“When Stewart Granger was the hottest male property around the British studios he was seldom taken seriously. He was just too good-looking, involved in too many junky films – and by his own admission – too arrogant. His relationship with the press was poor, so he was irritatingly labelled ‘glamour boy’. The name hardly stuck, but he never managed to get away from the dimpled teeth-flashing he-male roles he started with and only in glimpses has he been able to show that there is something more in him”. – David Shipman in “The Great Movie Stars- The International Years”. (1972)
Tom Vallance’s “Independent” obituary from 1993:
TALL, DARK, debonair and rakishly handsome, Stewart Granger was one of the greatest British stars of the Forties, and went on to become one of the handful to achieve true international stardom in Hollywood. He was one of that quartet of stars – along with Margaret Lockwood, James Mason and Phyllis Calvert – who became associated with the enormous successes made by the Gainsborough Studios under the auspices of Maurice Ostrer, starting with The Man in Grey (1943), and including Fanny by Gaslight, Love Story, Madonna of the Seven Moons (all 1944), and Caravan (1946).
Granger’s dashing good looks, energy, humour and the arrogance that laced his romantic ardour made him the British cinema’s foremost sex symbol, with a huge teenage following, and in Hollywood he took his place among the greatest swashbucklers with at least one of his movies, Scaramouche (1952), a masterpiece comparable to the best of Errol Flynn. Though Mason was the finer actor, Granger achieved greater popularity in the Hollywood cinema, and it is ironic that Mason’s finest role there, as Norman Maine in A Star is Born (1954), went to him only after Granger turned it down. It is to be regretted that Granger’s enormous ego (to which he freely confessed) did not allow him to accept the role or the character roles later in his career that might have sustained and enhanced his reputation.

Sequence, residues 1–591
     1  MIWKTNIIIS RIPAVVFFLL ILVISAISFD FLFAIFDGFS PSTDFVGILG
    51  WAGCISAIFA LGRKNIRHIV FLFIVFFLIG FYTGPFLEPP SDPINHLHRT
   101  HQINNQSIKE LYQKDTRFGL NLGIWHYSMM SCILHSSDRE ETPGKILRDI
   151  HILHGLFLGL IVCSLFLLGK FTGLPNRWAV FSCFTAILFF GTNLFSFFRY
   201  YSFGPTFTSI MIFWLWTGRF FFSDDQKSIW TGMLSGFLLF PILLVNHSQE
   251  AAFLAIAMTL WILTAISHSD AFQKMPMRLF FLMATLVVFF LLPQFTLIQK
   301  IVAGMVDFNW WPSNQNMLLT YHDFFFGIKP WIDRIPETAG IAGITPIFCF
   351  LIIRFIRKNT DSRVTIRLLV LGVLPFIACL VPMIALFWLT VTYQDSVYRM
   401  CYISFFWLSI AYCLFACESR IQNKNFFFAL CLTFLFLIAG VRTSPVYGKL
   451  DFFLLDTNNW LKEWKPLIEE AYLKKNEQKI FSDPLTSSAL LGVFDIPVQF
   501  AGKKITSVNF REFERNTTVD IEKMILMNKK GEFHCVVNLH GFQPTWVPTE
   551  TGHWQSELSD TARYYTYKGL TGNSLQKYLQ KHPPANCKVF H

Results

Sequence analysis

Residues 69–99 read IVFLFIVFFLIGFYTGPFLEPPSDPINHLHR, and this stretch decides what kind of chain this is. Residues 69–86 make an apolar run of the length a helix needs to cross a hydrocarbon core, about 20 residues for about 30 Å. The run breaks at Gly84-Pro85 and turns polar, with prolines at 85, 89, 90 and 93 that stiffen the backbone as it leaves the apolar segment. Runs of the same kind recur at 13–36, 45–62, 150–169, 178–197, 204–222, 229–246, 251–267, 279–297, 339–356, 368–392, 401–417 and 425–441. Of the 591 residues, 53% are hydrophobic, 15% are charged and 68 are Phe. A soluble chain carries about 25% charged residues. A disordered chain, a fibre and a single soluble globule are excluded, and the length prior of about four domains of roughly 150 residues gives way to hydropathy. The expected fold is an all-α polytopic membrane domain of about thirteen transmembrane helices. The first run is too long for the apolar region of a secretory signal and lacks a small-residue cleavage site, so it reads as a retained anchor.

He was born James Stewart in London in 1913 and had planned to be a doctor. But he lacked the dedication (as he later admitted) to continue medical studies. A friend suggested that since he had a car and a good set of clothes he could find work as a film extra for a guinea a day. Work at the studios during 1933 – the Babe Daniels musical A Southern Mai, Allan Dwan’s I Spy, in which he acted as stand-in for Ben Lyon, and Give Her a Ring are his only known credits from this period – aroused an interest in acting and Granger won a scholarship to the Webber-Douglas School of Dramatic Art. He served a long apprenticeship in the theatre, working with the Hull and Birmingham repertory companies at the Malvern Festival (1936-37), where his performance as Magnus in The Apple Cart won the approval of its author, George Bernard Shaw, as well as that of the critics, and making his London debut at Drury Lane in 1938 in a short-lived musical version of Sanders of the River called The Sun Never Sets. He later talked warmly of these early years: ‘I learnt acting in the reps, where the audience teaches you – particularly timing.’
At Birmingham he had met the actress Elspeth March, and in 1938, while he was appearing at the Gate Theatre in Serena Blandish with Vivien Leigh, he and March were married. The same year he was given his first sizable screen role, as the romantic lead in So This Is London. His billing read Stewart Granger, the name he had taken to avoid confusion with the Hollywood actor, though throughout his life he would be known to his friends as ‘Jimmy’. In 1939 he and his wife starred in a season of plays in Aberdeen, including Hay Fever, Arms and the Man and On Approval – Michael Denison and Dulcie Gray were juveniles with the company.